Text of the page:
Family, friends, remember former NHL player Todd Ewen

Todd Ewen was born in Saskatoon but played all of his minor hockey in St. Albert, a city northwest of Edmonton. A memorial was held there Friday for the former NHL player.
Family and friends gathered in St. Albert, Alta. on Friday to remember Todd Ewen, who was born in Saskatoon but played minor hockey in St. Albert. (CBC )

Todd Ewen was known as an enforcer during his 11-year NHL career, but his uncle said fighting was something that went against his nature. 

"He was so soft and caring off the ice," Murray Fairweather said. "It's a role that made him a living, gave him a career, but it certainly wasn't anything that I think he wanted to do."​.

Ewen, 49, died last month of a self-inflicted gunshot wound. A memorial was held in St. Albert, Alta. for him on Friday. Although he was born in Saskatoon, Ewen played minor hockey in St. Albert.

Ewen became an enforcer who tallied nearly 2,000 penalty minutes in his career with the Montreal Canadiens, Anaheim Mighty Ducks, San Jose Sharks and St. Louis Blues.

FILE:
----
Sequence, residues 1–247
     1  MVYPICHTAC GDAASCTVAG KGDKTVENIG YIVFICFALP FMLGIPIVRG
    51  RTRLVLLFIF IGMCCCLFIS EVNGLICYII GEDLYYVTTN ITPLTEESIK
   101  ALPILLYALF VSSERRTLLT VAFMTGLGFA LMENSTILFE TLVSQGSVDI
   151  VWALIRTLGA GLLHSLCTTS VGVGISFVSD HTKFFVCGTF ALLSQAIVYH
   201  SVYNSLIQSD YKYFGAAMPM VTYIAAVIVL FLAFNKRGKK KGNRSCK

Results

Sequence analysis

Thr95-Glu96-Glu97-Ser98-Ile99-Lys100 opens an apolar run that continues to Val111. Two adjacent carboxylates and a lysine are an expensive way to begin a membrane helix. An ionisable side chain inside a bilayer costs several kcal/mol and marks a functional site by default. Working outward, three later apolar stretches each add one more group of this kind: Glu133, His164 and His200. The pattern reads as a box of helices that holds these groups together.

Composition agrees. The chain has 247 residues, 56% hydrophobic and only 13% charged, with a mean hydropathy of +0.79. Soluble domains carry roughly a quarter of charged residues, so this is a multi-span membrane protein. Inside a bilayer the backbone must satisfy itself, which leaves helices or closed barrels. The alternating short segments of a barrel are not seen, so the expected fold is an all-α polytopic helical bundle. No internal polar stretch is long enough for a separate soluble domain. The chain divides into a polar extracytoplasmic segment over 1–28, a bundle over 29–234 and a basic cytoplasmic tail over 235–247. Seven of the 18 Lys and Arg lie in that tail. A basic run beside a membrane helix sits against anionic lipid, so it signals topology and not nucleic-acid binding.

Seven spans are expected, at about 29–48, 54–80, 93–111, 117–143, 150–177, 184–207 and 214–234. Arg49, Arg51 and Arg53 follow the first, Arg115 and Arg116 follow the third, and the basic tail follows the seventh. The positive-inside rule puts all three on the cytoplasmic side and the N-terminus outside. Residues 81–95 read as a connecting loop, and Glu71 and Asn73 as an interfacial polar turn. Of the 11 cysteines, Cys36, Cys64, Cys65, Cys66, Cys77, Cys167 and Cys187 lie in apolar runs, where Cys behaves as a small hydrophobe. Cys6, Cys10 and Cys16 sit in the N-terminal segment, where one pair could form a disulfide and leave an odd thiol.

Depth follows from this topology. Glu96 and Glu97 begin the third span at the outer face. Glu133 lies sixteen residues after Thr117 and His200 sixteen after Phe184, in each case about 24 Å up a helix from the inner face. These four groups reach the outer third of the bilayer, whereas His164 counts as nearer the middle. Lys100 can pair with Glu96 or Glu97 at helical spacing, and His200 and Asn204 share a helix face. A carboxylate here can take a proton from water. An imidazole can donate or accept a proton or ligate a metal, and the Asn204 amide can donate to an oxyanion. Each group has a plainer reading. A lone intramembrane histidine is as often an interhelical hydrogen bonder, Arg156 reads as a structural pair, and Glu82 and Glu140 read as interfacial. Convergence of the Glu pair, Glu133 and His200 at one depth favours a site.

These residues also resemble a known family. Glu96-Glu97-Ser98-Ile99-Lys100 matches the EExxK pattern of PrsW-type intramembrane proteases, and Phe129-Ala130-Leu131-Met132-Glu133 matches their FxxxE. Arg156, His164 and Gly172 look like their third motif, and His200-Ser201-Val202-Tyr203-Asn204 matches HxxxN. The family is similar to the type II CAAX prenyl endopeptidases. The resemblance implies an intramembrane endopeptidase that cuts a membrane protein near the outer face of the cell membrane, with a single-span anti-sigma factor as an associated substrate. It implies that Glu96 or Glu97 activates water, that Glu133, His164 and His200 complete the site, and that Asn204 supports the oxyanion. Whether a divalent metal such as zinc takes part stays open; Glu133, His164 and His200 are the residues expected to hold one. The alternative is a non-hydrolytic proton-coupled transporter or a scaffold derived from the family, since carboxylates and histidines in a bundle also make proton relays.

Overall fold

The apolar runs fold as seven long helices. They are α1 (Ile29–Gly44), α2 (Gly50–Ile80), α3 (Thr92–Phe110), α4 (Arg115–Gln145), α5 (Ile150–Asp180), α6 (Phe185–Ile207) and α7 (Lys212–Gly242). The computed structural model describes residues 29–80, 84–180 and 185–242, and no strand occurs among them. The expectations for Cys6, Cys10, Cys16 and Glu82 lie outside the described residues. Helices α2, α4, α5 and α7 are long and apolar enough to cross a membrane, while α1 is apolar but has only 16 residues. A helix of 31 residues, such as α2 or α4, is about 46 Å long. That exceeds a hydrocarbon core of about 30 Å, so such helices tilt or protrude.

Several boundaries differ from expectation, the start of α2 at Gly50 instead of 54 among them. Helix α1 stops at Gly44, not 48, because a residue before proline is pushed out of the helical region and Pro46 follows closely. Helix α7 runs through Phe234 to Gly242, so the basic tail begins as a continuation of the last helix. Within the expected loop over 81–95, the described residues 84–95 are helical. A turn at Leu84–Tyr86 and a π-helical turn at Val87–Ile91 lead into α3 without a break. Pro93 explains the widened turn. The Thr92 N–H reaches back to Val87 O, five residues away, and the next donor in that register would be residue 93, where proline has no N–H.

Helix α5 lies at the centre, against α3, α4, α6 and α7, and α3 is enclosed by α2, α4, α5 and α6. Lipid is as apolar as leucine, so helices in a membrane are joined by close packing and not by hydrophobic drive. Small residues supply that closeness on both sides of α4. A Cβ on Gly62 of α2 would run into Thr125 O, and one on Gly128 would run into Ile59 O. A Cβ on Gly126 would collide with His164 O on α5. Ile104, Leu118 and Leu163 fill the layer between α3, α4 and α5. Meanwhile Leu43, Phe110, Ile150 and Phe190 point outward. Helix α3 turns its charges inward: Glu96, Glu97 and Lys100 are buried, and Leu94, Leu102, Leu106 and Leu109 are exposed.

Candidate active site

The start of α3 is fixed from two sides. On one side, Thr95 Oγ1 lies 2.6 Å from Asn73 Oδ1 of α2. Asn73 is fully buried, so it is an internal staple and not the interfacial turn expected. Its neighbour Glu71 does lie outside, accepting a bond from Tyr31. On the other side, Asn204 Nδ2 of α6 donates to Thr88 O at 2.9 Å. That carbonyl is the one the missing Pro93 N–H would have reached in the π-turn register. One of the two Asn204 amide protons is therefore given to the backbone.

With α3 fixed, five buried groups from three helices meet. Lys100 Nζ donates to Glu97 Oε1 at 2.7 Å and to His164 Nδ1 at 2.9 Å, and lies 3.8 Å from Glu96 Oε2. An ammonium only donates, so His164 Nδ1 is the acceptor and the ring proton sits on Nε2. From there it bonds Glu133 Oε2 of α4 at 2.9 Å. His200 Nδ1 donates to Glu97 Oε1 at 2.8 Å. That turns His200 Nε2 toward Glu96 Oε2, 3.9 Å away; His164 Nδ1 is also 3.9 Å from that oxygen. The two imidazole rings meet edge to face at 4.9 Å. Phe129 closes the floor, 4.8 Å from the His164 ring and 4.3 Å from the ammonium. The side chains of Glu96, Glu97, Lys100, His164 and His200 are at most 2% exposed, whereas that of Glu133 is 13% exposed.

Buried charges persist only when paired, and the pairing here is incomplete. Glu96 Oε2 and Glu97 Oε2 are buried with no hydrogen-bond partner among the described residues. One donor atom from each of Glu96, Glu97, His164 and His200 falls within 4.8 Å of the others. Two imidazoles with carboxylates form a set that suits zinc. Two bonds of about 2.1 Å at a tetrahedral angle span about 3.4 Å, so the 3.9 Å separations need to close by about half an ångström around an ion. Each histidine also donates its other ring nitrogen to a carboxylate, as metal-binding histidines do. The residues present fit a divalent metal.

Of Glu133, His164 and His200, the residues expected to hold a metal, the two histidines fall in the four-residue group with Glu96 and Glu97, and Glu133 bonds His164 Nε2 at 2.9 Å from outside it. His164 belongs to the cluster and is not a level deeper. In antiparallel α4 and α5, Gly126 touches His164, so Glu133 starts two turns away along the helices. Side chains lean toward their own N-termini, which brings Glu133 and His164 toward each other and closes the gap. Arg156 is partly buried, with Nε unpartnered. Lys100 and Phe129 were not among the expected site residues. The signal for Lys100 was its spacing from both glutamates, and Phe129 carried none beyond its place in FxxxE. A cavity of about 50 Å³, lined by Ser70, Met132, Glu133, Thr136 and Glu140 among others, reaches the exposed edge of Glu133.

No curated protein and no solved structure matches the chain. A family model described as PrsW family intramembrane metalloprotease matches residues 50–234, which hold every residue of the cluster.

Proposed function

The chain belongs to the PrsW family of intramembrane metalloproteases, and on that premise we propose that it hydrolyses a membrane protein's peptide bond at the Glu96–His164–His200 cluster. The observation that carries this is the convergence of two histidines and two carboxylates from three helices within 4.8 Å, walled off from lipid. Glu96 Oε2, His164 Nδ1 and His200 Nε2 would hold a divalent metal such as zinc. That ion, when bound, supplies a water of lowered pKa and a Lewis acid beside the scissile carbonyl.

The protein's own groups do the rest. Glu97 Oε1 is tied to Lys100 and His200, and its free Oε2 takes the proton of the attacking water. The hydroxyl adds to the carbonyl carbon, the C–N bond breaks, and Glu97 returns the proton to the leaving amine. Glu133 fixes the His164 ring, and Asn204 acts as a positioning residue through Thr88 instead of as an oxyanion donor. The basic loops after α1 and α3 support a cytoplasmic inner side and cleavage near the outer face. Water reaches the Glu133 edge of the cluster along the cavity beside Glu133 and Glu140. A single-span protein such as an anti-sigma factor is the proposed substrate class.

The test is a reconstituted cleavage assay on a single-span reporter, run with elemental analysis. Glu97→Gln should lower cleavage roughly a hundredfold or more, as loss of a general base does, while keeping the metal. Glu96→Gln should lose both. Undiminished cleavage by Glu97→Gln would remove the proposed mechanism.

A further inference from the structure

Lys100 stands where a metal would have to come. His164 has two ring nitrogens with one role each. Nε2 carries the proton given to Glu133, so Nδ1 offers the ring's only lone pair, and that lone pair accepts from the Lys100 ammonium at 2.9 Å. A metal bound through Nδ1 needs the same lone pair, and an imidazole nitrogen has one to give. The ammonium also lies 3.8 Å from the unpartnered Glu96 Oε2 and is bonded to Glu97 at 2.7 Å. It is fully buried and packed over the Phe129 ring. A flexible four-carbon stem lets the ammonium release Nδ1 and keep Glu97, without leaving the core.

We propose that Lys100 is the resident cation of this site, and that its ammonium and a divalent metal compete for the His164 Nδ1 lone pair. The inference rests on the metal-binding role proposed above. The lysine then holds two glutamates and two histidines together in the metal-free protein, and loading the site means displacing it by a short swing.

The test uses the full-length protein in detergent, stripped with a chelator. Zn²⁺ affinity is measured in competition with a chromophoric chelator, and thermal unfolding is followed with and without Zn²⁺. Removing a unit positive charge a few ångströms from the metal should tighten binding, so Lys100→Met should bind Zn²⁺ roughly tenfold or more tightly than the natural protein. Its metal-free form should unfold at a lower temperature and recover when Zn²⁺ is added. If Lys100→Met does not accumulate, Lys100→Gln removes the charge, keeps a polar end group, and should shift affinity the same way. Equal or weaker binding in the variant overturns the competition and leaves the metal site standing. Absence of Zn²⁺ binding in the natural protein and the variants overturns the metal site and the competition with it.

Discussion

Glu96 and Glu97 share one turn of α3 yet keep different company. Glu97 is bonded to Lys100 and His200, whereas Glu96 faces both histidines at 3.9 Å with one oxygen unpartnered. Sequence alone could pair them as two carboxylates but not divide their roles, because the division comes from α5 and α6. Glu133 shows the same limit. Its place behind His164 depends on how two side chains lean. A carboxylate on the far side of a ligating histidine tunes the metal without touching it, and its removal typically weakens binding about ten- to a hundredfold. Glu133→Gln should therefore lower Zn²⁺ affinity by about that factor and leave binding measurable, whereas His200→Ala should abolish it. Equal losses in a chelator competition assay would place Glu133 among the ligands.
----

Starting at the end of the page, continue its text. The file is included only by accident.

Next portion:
Fairweather said his nephew's first scrap with legendary Detroit Red Wings enforcer Bob Probert cemented his reputation and stereotyped him as a tough guy. 

Murray Fairweather said his nephew Todd Ewen didn't really want to be an enforcer during his NHL career. (CBC )
Former St. Louis teammate Brian Benning was on the ice for one of Ewen's battles. 

"I remember Bob Probert left his gloves in the penalty box and they went at it right as soon as they came out after it," he said. "They were competitors, warriors and gladiators."

However, there are now questions about whether concussions caused by on-ice fighting contributed to the early death of Ewen and other professional athletes.

Probert was 45 when he died in 2010. Although his death was caused by heart failure, researchers at Boston University found Probert had chronic traumatic encephalopathy (CTE), a degenerative brain disease.

A growing number of professional football and hockey players who committed suicide were later found to have CTE.

Ewen's family donated his brain to the Canadian Sports Concussion Project to see whether he suffered from the condition.​ Fairweather isn't sure what the investigation will uncover since he never noticed any change in his nephew's behaviour.

Nevertheless, he laments how hockey teams use some players solely as enforcers. 

"You should be able to play, too. You know these fellows only played two to three minutes a game," Fairweather said.

"And you know Todd was always the fastest skater on any team that he played on, even in the National Hockey League."

Ewen leaves behind a wife and two sons.


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